Saturday, January 21, 2017





 


How I Stayed Catholic at Harvard: 40 Tips for Faithful College Students.  By Aurora Griffin, Ignatius Press, 2016.


 


Many religious parents mourn the fact that a disturbingly large number of young people graduate from college considerably less religious than when they entered.  This is a common problem, no matter where one goes, though many of the most prestigious universities is the nation are known for being particularly secular.  On the television series The Sopranos, even though the titular parents made their living through organized crime, during the second season Tony and Carmela Soprano were particularly concerned about their daughter Meadow’s choice of college, worrying that the feared evangelist atheist influence of Berkeley would prove to be detrimental to their daughter’s spiritual life, leading Carmela to use whatever influence she had at her disposal in order to nudge her daughter towards Georgetown.


 


Aurora Griffin is a recent Harvard graduate, a Rhodes scholar who studied philosophy at Oxford, and plans to pursue a career in business.  How I Stayed Catholic at Harvard is her first book, where she describes her undergraduate faith life, where she describes how she maintained and expanded her religiousness in an environment that was not particularly conducive to faith.


 


In his introduction to the book, Peter Kreeft writes,


 


“Few things can be more important than the faith of the next generation.  The future of our civilization, that is, the goodness and truth and beauty of our culture, depends on the Source of all goodness, truth, and beauty, God; and the umbilical cord to God is faith– not just faith in anything, but the Faith, the one God invented, not us.  And the Faith is not automatic (it doesn’t just “happen”), not is it genetic (God has no grandchildren); it must be rediscovered, reaffirmed, chosen, and kept anew by each generation.  If it falls into the abyss of the current “generation gap,” our culture will fall into an abyss of even greater nonsense, immorality, and ugliness than it already has.  Nothing is more practical than drawing a line in the sand here and now.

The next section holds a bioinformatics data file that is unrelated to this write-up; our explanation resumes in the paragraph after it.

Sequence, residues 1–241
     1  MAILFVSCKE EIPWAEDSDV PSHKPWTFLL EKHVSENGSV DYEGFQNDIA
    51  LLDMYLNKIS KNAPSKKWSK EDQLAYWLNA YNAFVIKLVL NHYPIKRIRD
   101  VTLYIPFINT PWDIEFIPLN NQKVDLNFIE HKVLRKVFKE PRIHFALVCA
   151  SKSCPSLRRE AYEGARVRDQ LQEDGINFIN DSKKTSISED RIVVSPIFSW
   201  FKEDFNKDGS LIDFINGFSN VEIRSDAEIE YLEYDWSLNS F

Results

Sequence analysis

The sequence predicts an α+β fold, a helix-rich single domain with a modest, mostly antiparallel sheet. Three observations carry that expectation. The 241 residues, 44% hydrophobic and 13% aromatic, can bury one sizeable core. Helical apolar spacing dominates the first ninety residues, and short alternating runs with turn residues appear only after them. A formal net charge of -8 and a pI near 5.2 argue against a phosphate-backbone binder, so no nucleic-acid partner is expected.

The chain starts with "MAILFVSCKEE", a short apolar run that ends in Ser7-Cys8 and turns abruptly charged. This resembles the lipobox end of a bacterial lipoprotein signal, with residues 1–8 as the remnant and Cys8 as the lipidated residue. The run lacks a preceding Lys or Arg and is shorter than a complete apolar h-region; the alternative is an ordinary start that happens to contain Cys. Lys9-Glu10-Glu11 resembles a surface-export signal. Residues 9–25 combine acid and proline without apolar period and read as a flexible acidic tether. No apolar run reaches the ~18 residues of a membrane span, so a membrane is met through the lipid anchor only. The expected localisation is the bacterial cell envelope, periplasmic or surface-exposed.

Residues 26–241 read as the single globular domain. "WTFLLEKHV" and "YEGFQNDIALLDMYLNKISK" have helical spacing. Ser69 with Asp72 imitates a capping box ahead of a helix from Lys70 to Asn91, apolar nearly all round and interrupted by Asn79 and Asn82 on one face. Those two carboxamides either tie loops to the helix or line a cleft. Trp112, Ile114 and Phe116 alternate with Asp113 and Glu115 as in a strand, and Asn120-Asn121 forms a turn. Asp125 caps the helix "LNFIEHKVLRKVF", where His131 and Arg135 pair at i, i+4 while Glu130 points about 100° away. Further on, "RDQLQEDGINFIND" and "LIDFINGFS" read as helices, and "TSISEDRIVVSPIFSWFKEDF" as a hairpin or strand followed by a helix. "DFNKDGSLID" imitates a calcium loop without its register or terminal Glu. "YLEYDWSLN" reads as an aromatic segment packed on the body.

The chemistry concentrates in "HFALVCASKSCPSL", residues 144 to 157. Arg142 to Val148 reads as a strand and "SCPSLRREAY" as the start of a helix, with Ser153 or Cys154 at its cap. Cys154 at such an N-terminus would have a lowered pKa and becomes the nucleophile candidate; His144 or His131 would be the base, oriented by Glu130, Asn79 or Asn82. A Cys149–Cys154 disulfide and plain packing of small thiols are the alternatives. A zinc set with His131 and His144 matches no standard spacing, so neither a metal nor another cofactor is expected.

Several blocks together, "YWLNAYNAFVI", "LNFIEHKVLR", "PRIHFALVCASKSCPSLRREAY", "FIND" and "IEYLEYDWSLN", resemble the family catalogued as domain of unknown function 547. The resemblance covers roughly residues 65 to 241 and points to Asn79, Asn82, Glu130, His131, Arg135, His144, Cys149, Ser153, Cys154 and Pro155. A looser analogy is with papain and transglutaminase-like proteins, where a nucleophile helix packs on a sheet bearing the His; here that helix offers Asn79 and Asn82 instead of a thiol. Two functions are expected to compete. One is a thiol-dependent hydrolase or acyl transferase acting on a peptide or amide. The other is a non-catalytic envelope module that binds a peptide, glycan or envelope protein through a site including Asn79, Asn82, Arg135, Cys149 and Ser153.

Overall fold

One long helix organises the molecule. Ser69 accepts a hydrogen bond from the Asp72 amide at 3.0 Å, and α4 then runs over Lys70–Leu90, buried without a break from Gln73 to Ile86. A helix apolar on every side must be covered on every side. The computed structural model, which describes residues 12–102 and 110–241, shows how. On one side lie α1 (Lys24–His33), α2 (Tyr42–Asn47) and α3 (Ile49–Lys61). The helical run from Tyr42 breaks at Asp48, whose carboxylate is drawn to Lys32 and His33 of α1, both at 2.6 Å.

And no place is more important than the university, because the university has replaced the church, the state, and even the family as the primary teacher and cultural determinant.  Everyone who is influential in our culture is formed by the university: media people, pastors, teachers, politicians, scientists, businesspeople, lawyers, doctors, creative writers, journalists– almost everyone but rappers and professional football players.  This is the battlefield, now is the battle, and here is a very good set of weapons.”